Finnish teachers in both schools and kindergartens were among those taking part in massive protests last Friday against new labour laws. The new measures would see holiday and sick pay cut as well cuts to overtime compensation, and were decided unilaterally by the government. Unions say the measures would have the worst effects on those who are weakest - in particular women part time workers. They would also result in a 4% - 6% cut in pay, say union leaders. As well as the teachers, transport and health workers were amongst those joining the protest.

Although Finnish teachers are not allowed by law to attend political demonstrations, their union says it will pay any fines imposed on them. So teachers travelled to Helsinki for the mass protest, which meant that many schools were closed.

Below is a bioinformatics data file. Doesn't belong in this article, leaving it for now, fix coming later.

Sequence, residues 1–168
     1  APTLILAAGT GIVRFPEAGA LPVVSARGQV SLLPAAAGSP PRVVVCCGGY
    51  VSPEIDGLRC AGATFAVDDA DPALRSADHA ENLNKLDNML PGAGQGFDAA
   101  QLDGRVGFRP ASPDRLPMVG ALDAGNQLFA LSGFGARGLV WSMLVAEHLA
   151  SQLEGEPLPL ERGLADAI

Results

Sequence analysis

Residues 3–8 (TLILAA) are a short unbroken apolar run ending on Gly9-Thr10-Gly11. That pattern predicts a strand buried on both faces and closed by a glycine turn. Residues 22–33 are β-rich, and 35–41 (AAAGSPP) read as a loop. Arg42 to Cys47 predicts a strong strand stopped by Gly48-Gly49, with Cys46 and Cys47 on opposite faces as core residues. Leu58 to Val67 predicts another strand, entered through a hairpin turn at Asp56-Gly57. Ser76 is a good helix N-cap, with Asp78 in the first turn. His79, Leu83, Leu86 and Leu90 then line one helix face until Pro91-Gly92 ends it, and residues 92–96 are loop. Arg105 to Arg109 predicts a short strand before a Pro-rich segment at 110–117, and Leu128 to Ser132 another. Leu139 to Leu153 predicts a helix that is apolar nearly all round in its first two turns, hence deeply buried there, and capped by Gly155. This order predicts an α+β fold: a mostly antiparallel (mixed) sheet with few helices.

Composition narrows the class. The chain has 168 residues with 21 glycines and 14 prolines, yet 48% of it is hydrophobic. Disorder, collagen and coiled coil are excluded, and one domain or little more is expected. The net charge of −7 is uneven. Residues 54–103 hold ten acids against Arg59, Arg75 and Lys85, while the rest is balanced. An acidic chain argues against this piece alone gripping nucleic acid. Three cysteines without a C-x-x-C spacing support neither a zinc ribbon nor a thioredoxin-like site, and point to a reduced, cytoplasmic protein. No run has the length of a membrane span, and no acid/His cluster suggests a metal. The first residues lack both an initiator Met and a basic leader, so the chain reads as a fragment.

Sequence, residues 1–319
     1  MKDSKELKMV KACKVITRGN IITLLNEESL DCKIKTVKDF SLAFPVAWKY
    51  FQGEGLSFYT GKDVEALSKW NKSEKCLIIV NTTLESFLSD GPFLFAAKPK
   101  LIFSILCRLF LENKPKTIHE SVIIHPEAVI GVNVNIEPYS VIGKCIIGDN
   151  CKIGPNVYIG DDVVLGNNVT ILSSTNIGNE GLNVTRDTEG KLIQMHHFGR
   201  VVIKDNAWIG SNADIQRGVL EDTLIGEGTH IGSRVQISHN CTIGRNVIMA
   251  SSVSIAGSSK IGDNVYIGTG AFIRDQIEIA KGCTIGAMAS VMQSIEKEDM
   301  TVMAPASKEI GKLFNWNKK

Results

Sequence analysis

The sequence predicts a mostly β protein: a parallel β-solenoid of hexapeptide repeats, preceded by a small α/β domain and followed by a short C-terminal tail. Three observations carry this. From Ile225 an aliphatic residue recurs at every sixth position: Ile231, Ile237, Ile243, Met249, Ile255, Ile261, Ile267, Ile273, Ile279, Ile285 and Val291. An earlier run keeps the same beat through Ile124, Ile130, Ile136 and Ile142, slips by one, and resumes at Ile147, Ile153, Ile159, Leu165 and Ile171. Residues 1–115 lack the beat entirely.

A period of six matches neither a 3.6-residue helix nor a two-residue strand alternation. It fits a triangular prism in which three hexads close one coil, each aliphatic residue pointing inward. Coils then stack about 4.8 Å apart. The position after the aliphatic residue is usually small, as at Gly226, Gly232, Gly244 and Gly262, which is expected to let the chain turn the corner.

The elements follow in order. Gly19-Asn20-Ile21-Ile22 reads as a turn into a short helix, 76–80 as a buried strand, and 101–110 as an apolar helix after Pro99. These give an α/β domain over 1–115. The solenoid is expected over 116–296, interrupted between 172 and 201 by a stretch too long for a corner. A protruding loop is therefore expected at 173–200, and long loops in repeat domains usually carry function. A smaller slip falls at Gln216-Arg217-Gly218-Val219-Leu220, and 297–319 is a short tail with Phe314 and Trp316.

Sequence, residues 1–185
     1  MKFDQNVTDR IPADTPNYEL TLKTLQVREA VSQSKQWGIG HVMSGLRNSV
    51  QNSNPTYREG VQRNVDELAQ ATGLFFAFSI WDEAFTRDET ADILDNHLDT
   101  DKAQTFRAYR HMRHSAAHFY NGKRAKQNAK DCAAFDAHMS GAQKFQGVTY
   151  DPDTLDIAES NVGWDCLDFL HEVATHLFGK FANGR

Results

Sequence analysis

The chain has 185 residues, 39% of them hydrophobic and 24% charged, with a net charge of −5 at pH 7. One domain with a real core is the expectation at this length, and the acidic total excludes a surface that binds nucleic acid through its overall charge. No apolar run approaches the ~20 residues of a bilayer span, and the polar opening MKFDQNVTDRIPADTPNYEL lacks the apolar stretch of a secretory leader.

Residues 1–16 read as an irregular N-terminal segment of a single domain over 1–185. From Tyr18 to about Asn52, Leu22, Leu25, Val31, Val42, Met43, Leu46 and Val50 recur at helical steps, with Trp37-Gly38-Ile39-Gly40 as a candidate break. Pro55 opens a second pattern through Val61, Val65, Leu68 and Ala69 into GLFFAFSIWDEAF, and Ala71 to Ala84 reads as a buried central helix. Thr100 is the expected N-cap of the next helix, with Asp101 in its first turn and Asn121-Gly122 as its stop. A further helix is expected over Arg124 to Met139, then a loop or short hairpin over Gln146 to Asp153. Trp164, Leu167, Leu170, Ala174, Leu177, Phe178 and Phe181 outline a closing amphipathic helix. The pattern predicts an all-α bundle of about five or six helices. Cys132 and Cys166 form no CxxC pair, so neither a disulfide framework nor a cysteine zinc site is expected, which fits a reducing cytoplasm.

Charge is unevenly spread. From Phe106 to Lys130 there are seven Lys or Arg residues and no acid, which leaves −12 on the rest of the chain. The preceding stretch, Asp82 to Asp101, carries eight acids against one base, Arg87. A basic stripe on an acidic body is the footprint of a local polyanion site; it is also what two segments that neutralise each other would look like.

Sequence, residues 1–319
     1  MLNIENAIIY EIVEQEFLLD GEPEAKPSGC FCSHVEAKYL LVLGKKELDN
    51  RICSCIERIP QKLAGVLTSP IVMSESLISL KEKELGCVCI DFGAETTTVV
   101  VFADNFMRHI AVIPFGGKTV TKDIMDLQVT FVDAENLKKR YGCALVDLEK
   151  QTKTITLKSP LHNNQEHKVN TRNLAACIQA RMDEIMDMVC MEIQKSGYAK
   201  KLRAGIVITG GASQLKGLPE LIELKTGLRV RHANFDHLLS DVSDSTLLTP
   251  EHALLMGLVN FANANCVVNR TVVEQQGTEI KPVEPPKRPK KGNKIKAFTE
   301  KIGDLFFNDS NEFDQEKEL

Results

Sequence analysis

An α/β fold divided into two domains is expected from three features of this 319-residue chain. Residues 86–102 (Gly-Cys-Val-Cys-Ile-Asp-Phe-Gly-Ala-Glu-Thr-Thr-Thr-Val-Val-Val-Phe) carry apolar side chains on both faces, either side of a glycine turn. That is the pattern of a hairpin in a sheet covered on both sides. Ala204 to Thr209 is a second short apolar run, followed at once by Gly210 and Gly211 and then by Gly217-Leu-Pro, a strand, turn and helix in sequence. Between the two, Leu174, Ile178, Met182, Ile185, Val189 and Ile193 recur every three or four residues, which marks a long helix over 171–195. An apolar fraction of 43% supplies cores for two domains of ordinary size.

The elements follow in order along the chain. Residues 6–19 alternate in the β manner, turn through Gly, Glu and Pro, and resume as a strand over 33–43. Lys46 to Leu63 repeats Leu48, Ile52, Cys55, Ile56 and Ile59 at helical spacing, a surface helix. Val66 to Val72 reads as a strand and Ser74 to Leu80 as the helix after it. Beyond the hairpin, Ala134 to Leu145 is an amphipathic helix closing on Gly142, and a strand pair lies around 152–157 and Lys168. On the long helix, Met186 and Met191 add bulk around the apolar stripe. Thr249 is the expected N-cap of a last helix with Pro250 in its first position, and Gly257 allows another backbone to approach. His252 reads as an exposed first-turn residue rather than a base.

The right wing coalition government has already shown its colours in being one of the most vocal opponents of any relief for Greek debt, and the Finns Party, which is a part of the coalition, is also vehemently opposed to accepting some of the thousands of refugees fleeing conflict in the Middle East and Africa. 

The Finnish education system has largely escaped the malign effects of global education reform (GERM), since enlightened policies pursued since the 1980s have enabled it to shine even in terms of the flawed PISA process, which creates league tables of countries to compare their education systems based on a standardised testing system. However central to GERM is the assault on unions and cuts in education budgets and as these events show, Finland is not immune to those attacks. The main protectors of Finnish public education will be teachers, their unions, students and local communities. It is to be hoped that all those who laud the education system will support teaching unions as they fight the cuts and attacks on labour rights.

To express your suport for the Finnish teachers and other labour unions go here.